Will the coronavirus pandemic return us to more traditional and accepting, attitudes towards dying – or reinforce our attempts to prolong life? The modern world has been shaped by the belief that humans can outsmart and defeat death. That was a revolutionary new attitude. For most of history, humans meekly submitted to death. Up to the late modern age, most religions and ideologies saw death not only as our inevitable fate, but as the main source of meaning in life. The most important events of human existence happened after you exhaled your last breath. Only then did you come to learn the true secrets of life. Only then did you gain eternal salvation, or suffer everlasting damnation. In a world without death – and therefore without heaven, hell or reincarnation – religions such as Christianity, Islam and Hinduism would have made no sense. For most of history the best human minds were busy giving meaning to death, not trying to defeat it.The Epic of Gilgamesh, the myth of Orpheus and Eurydice, the Bible, the Qur’an, the Vedas, and countless other sacred books and tales patiently explained to distressed humans that we die because God decreed it, or the Cosmos, or Mother Nature, and we had better accept that destiny with humility and grace. Perhaps someday God would abolish death through a grand metaphysical gesture such as Christ’s second coming. But orchestrating such cataclysms was clearly above the pay grade of flesh-and-blood humans. Continue reading...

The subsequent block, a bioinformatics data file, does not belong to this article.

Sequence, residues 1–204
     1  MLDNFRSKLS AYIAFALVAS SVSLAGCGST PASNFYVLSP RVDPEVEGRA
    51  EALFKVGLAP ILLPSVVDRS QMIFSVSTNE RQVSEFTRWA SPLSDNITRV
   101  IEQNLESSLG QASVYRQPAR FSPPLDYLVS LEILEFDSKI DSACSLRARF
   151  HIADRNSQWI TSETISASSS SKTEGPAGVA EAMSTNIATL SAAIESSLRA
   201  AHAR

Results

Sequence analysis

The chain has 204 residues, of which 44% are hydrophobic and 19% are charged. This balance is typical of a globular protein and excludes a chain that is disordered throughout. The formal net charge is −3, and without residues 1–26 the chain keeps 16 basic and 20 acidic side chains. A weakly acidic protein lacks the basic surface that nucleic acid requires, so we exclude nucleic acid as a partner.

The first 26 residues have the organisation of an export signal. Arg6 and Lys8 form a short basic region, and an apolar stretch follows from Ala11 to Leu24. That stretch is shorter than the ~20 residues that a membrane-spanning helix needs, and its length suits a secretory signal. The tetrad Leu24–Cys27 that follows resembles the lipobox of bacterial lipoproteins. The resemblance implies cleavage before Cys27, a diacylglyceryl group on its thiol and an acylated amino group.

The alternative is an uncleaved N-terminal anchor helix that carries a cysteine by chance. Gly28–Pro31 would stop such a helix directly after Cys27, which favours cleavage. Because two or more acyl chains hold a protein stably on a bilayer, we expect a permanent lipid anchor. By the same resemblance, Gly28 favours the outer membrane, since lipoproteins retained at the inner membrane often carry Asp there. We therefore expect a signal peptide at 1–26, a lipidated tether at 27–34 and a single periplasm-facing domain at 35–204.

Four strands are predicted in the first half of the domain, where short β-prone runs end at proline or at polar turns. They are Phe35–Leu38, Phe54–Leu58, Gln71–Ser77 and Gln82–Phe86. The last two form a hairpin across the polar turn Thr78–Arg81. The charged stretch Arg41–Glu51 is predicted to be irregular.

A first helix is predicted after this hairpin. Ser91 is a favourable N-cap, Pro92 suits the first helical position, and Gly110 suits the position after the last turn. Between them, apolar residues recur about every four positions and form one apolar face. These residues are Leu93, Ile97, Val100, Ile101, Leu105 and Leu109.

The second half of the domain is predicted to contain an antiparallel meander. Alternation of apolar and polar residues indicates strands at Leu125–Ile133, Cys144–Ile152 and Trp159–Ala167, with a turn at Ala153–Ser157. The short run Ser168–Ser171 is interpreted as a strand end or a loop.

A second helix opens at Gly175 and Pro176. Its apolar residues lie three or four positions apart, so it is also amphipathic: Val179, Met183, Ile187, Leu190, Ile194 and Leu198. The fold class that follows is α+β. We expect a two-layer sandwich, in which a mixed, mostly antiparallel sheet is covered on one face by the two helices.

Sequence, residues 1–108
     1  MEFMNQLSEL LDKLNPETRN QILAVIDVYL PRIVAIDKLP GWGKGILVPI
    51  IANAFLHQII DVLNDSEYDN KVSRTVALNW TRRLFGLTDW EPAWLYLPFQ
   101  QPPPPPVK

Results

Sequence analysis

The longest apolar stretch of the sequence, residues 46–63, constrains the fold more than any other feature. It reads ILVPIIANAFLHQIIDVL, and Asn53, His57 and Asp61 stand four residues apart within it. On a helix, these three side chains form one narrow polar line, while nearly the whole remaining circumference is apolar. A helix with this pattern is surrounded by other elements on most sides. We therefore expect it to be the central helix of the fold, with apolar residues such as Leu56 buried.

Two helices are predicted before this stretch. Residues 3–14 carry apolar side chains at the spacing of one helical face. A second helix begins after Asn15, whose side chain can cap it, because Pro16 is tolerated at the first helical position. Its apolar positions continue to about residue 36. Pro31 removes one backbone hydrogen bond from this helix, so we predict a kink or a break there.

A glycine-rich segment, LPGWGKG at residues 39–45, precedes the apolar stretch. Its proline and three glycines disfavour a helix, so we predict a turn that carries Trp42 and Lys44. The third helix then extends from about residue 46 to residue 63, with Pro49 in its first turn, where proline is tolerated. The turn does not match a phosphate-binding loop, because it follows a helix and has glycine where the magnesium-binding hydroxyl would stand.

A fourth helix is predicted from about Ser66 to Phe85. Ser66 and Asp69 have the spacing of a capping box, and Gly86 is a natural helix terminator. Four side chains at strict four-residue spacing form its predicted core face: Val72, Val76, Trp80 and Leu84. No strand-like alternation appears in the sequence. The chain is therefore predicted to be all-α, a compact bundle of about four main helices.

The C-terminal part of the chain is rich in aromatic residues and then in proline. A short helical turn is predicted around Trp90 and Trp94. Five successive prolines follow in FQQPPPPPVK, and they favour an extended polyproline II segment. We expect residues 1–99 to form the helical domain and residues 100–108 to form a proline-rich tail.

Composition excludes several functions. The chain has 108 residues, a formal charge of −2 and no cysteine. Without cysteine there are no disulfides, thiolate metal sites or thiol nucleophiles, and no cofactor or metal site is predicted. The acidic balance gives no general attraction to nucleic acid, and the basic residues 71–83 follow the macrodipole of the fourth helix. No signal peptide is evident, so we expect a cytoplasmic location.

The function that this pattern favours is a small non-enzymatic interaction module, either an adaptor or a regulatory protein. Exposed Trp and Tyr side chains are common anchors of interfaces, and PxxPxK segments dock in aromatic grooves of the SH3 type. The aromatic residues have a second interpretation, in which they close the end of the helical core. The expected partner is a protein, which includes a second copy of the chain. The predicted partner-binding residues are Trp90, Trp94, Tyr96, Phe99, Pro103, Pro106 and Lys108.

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Aldous Huxley argued that all religions in the world were underpinned by universal beliefs and experiences....Aldous Huxley argued that all religions in the world were underpinned by universal beliefs and experiences. Was he right?By Jules EvansRead at Aeon